There has been a lot of scaremongering and uncertainty circling the upcoming GDPR, so we thought we would set out that changes in plain English. So here they are –
The law is enforced on Friday May 25th, 2018.
It replaces the previous 1995 data protection directive, which current UK law is based upon.
At present a Subject Access Request (SAR) allows businesses and public bodies to charge £10 to be given what’s held about them. However, the new rules under the GDPR is that requests for personal information can be made free-of-charge and need to be handed over within 1 month.
If the GDPR rules are broken by a company, then fines of up to £10 million or 2% of a firm’s global turnover (whichever is greater) can be given. Those with more serious consequences can have fines of up to £20 million or 4% of a firm’s global turnover (whichever is greater).
Data is counted as any information related to a person or ‘data subject’ that can be used to directly identify that person. Anything from a name, photo, email address, bank details, social media posts, medical information, sexual orientation or a computer IP address is classed as personal data.
A Data Protection Officer (DPO) must be appointed if a business is a public authority, an organisation that engages in large systematic monitoring or is an organisation that engages in large scale processing of sensitive personal data (like any of the examples above).
Conditions for consent have been strengthened, and businesses will no longer be able to use hidden terms and conditions as the request for consent, it must be separate and easily legible. It also must be easy to withdraw consent at any time.
Any breaches in data will become mandatory to notify the ICO and any at risk customers whose data has been involved. This must be done within 72 hours of the business being made aware of the breach.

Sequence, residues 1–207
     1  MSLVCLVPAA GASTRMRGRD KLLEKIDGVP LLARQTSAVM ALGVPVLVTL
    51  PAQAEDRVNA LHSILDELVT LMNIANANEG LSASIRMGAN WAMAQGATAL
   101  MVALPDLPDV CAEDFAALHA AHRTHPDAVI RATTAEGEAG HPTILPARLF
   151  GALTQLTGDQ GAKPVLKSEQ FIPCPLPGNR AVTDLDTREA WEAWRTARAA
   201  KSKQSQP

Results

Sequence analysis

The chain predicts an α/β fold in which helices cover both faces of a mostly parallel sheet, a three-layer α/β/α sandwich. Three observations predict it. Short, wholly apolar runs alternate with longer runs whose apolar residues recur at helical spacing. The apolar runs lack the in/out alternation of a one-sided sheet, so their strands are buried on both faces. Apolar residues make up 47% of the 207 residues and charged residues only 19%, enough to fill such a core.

This is in light of the breach In October 2015, where cyber criminals took advantage of technical weaknesses in TalkTalk’s systems, resulting in the compromise of 157,000 customers’ personal details.
TalkTalk’s eventual financials revealed the true costs of the breach to be around £60m in 2016 alone. As customers left and their reputation was damaged, as well as a £400,000 fine, preventing the breach would have saved TalkTalk hundreds of millions.
Although the GDPR says very little about technical security controls, it does refer to pseudonymisation and encryption as appropriate safeguards for personal data.
Encryption is the process of converting information or data into a code, especially to prevent unauthorized access. Pseudonymisation is the separation of data from direct identifiers so that linkage to an identity is not possible without additional information that is held separately. Pseudonymisation, therefore, may significantly reduce the risks associated with data processing, while also maintaining the data’s utility.
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